The 23-year-old has made just one international appearance in 2022 and featured for just 69 minutes during the woeful Nations League campaign. It was a campaign in which England looked starved of creativity and there will be question marks as to why Southgate has continually overlooked one of the Premier League’s most consistent chance creators.

It is a curious case given Southgate often lines England up in a system which appears suited to covering the gaps Alexander-Arnold naturally leaves behind, even if the Three Lions’ centre-back options – Kyle Walker aside – do not possess the athleticism of his Liverpool teammates.

Though he has started the season in indifferent form, Alexander-Arnold is indulged at Anfield and Liverpool often reap the rewards for doing so. The pros – a rate of chance creation unmatched from full-back – outweigh the cons of occasional defensive lapses in the eyes of Jurgen Klopp. Southgate, quite clearly, disagrees. It would now come as a surprise to see Alexander-Arnold included in Qatar.

Maguire form a headache

Harry Maguire’s inclusion in the squad was a major talking point. However, Southgate justified his selection by suggesting the Manchester United defender had built up a bank of credit with the national side.

Maguire has been a reliable performer for England and was named in the Team of the Tournament at Euro 2020 last summer, but he has been hopelessly out of form for a period too long to ignore.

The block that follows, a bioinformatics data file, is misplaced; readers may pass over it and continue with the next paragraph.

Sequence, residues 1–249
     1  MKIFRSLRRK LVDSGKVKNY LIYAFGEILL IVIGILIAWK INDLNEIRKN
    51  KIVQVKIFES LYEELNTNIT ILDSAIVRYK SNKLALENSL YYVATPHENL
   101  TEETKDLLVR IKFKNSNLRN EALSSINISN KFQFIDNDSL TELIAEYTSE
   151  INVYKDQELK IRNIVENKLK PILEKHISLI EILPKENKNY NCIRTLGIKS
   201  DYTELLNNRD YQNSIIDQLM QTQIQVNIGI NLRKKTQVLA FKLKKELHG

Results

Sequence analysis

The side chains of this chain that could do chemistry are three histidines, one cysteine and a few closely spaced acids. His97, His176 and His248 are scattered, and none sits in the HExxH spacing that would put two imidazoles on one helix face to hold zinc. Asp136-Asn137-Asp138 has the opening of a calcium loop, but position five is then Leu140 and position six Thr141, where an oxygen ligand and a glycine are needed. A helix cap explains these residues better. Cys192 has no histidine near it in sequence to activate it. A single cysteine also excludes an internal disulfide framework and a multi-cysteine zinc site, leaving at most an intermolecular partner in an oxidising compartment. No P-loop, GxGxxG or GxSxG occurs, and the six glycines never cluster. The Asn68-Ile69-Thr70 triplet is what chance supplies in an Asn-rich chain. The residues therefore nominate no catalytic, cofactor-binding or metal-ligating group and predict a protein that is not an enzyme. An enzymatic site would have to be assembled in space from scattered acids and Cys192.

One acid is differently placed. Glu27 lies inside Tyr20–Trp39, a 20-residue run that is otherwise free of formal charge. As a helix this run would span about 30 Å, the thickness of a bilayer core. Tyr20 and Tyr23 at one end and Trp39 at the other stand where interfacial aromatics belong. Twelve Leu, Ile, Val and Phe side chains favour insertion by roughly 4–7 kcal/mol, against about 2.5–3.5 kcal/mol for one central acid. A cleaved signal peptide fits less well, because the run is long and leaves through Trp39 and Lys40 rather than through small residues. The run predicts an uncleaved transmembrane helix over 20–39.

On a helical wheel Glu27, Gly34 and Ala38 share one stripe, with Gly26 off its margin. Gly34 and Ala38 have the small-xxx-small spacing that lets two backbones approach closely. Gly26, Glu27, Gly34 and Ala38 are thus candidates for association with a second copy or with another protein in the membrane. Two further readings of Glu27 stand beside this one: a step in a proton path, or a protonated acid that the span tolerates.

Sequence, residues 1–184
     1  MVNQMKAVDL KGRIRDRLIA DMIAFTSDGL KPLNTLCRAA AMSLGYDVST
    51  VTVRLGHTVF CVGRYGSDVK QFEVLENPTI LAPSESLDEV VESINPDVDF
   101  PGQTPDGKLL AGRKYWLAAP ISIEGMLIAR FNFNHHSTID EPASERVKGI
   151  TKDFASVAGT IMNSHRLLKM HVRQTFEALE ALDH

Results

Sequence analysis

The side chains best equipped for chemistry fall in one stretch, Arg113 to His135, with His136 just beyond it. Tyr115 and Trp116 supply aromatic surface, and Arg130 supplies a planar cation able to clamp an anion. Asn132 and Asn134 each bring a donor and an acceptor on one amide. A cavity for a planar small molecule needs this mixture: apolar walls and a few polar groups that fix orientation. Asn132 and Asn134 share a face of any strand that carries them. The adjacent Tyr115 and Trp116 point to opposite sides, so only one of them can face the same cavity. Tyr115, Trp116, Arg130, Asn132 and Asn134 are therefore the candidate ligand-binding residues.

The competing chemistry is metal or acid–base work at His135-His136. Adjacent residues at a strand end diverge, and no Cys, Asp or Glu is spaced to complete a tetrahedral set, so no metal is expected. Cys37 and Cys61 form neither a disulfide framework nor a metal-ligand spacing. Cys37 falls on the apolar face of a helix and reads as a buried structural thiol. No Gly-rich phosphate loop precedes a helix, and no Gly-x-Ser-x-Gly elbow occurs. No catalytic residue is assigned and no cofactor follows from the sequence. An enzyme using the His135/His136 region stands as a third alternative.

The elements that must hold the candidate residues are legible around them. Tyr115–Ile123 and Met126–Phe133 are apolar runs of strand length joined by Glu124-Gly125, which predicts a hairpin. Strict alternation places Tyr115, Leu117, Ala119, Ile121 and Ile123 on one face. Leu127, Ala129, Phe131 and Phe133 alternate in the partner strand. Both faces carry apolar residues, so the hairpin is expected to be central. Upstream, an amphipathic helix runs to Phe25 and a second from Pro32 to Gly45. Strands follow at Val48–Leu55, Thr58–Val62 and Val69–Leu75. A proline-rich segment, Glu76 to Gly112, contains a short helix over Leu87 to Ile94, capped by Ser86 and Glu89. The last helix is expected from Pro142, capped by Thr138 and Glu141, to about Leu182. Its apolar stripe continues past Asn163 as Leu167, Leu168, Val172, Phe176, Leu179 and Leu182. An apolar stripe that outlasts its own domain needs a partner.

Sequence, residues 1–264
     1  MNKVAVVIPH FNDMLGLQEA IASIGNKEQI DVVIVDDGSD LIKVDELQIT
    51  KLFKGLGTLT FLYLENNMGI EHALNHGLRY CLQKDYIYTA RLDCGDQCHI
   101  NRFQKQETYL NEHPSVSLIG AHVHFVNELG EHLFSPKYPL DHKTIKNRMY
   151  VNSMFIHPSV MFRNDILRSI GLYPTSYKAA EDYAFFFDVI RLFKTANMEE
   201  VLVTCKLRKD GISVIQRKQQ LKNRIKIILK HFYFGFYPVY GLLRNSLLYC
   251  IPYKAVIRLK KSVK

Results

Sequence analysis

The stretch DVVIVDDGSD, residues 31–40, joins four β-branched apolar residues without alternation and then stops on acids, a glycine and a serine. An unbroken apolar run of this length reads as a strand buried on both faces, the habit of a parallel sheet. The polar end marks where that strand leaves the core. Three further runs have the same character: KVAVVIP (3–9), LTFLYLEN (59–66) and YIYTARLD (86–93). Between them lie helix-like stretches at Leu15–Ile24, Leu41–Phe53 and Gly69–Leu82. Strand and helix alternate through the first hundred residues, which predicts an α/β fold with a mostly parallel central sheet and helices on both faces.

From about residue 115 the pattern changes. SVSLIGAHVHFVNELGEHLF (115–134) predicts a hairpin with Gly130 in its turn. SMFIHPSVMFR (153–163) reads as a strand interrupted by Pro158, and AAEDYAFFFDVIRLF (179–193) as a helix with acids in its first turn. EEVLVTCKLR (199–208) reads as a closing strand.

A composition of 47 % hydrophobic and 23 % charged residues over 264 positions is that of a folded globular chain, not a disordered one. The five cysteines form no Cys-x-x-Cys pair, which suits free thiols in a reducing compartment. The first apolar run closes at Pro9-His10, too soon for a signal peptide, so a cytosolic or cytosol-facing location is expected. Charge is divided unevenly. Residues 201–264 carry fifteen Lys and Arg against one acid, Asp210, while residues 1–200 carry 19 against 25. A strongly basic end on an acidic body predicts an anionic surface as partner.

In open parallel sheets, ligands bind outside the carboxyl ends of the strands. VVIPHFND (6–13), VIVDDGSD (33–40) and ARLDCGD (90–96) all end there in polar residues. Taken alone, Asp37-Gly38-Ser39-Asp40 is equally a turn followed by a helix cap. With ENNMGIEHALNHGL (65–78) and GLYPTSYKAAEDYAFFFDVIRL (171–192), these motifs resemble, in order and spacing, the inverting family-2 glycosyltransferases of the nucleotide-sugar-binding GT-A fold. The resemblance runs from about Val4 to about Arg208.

Out of favour at club level and with little chance of regaining his place in the side, Maguire’s struggles transferred to the national side during two performances which will provide Southgate with a major headache.

He looked ungainly during a shaky start in the defeat in Italy, before an error-prone performance at Wembley on Monday evening which intensified the calls for him to be dropped. Maguire was cumbersome and clumsy in bringing down Jamal Musiala for Germany’s penalty, having gifted the midfielder possession with a loose pass.

He then squandered possession high up the pitch in the build-up to the visitor’s second and Southgate’s claim that his team will be selected on form can not ring true if Maguire starts England’s World Cup opener.

The centre-back’s confidence is at a crisis point and there is little chance of him regaining form or favour at club level before November. The decision to start him in both fixtures – and overlook the likes of Fikayo Tomori for a chance – is a gamble that has backfired.

Pickford a major miss

Jordan Pickford was missing from the England squad through injury, though he is expected to return from his thigh issue in the next fortnight and regain his match sharpness ahead of the World Cup.

England’s number one is in no danger of losing that status, after Nick Pope failed his audition with the national side. Pope’s errors followed Aaron Ramsdale’s unconvincing performances in June’s Nations League games and underlined why Southgate has long placed his faith in Pickford.

Pope’s distribution was poor and he looked awkward with the ball at his feet, kicking one ball out of play and another straight to Jamal Musiala. He will have nightmares about Germany’s third goal as he spilt a routine stop into the path of Kai Havertz, as his confidence dipped following mistakes with his kicking.

Pickford has his fair share of critics in the Premier League, but he has rarely faltered for England and has the inner confidence to handle the pressure of a major tournament.